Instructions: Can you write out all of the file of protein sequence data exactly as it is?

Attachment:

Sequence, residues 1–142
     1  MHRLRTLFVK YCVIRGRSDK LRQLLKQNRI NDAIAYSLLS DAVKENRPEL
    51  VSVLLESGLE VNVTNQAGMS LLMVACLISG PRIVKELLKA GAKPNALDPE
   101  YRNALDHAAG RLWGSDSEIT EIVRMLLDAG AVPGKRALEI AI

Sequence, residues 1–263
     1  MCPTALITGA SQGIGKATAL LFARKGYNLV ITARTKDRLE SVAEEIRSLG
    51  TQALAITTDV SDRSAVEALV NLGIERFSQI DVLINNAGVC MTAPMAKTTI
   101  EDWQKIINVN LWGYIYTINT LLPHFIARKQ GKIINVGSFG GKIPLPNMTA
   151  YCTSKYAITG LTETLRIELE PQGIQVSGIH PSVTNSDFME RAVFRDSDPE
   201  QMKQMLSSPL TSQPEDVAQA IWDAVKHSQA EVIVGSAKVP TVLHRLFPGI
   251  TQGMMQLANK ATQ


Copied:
Sequence, residues 1–142
     1  MHRLRTLFVK YCVIRGRSDK LRQLLKQNRI NDAIAYSLLS DAVKENRPEL
    51  VSVLLESGLE VNVTNQAGMS LLMVACLISG PRIVKELLKA GAKPNALDPE
   101  YRNALDHAAG RLWGSDSEIT EIVRMLLDAG AVPGKRALEI AI

Sequence, residues 1–263
     1  MCPTALITGA SQGIGKATAL LFARKGYNLV ITARTKDRLE SVAEEIRSLG
    51  TQALAITTDV SDRSAVEALV NLGIERFSQI DVLINNAGVC MTAPMAKTTI
   101  EDWQKIINVN LWGYIYTINT LLPHFIARKQ GKIINVGSFG GKIPLPNMTA
   151  YCTSKYAITG LTETLRIELE PQGIQVSGIH PSVTNSDFME RAVFRDSDPE
   201  QMKQMLSSPL TSQPEDVAQA IWDAVKHSQA EVIVGSAKVP TVLHRLFPGI
   251  TQGMMQLANK ATQ